Bracing the Bucks
The buck must be braced every 2' both horizontally and vertically to resist concrete pressures from bowing the buck. The buck must also be kept square by bracing the corners or running a diagonal across the buck. Typical wall bracing is used along each side of the jamb to laterally brace the wall.
Kelvin Doerr is the Director of Engineering and Technical Services for Reward Wall Systems. Article reprinted with permission from InFORMation, Fall 2004.
Five Steps to Foolproof Wooden Bucks
Unless you or your builder chooses to use plastic bucks available from specialty manufacturers, your ICF building will need wooden window and door bucks. Nearly all brands of ICFs follow the same steps in installing these bucks.
1. Window and door bucks should be pre-built to increase jobsite productivity. Measure the diagonals of all window and door bucks to ensure they are square, and brace them securely. The bottom sills of window bucks need either a 3-inch void running the length of the sill or a series of 3-inch diameter holes for concrete placement and consolidation. Numbering the bucks will keep the jobsite organized and eliminate the possibility of error.
2. Place your door bucks first. As soon as the foundation is cured, mark the location of all doors and secure the pre-built door bucks into place. The ICF walls can then begin.
3. Once walls have reached the level of the bottom of the window, mark the height of the window bottom on the wall and cut the foam down to window height with a hand saw.
4. Lift the window buck into place. A pair of “handles” made from scrap lumber nailed across the bottom sill will make it easier to position the buck. Ensure the buck is level and plumb, adjusting if necessary, prior to fastening it into place. External bucks are fastened using a frame of 1x4s. Internal frames are fastened into place with 3-inch drywall screws and large nylon washers.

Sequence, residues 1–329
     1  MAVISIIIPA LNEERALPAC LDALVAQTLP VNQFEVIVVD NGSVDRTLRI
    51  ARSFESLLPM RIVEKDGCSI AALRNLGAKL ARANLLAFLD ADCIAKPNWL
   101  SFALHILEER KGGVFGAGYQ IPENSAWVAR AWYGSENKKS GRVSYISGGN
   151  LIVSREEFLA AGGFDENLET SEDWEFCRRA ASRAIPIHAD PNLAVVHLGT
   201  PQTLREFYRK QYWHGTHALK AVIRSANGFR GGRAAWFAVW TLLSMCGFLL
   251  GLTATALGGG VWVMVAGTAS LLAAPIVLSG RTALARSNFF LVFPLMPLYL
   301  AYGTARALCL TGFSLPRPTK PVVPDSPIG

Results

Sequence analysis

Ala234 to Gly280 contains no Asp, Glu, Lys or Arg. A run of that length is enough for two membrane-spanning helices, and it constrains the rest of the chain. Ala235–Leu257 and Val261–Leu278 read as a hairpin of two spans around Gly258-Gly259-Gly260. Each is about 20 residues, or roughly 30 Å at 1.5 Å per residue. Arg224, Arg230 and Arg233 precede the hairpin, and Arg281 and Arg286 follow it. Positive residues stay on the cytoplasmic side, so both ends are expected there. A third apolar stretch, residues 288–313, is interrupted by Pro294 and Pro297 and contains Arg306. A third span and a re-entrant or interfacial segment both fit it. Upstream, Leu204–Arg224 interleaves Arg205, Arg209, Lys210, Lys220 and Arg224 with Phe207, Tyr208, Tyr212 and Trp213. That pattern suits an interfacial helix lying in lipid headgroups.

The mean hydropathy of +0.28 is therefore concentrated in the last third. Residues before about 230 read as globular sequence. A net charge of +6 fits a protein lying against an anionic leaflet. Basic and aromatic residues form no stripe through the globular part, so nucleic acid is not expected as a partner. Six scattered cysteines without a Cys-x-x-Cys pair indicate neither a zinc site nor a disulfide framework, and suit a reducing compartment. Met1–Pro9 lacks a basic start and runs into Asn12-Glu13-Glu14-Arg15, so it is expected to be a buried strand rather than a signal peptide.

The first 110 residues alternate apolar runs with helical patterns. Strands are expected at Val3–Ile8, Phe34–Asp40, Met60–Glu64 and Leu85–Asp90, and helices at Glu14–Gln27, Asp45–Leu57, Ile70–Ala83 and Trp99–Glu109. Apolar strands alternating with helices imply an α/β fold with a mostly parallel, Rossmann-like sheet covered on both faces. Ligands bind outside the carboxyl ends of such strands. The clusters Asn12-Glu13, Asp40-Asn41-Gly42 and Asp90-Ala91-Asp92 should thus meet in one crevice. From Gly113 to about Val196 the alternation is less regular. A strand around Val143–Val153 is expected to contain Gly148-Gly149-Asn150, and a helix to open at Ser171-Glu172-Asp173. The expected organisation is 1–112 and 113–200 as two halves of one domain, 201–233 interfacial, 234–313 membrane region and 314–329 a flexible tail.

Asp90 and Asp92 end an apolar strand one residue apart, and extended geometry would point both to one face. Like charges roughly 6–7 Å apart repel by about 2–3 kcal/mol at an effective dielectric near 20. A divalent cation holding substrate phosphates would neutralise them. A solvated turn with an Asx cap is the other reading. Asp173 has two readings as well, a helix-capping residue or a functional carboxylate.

5. Once the bucks are in place, continue building until the top of the buck is reached. Fasten the sides of the buck into place at maximum six inch centers. If using an internal buck, trim off the excess foam with a hand saw after the buck has been securely fastened. The top row of ICF blocks are placed, fastened, and trimmed just like the sides. Wall construction continues as normal above the bucks.
Use only pressure treated lumber and exterior grade plywood to build your bucks. Building codes prohibit regular dimensioned lumber from being in contact with concrete.
Pre-building the bucks off-site will increase on-site productivity and keep the jobsite clean. If you can’t build them off-site, build them in an out-of-the-way location prior to assembling the walls.
Use two 2x4s on edge for the bottom of the window buck. The gap between the boards will be used to place concrete and ensure consolidation. It’s much easier than the alternative method of cutting a series of 4-inch holes in a solid sill plate.
If the window opening exceeds three feet in either dimension, brace the buck every two feet to prevent bowing.
Use hot-dipped galvanized nails to construct the buck. The new ACQ lumber will corrode other fasteners.
Hammer nails every three inches or so to the outside of the buck. The concrete will bond to the nails and increase buck’s resistance to shear pressure.
With large bucks, attach blocks to the sill to help lift and position it on the wall.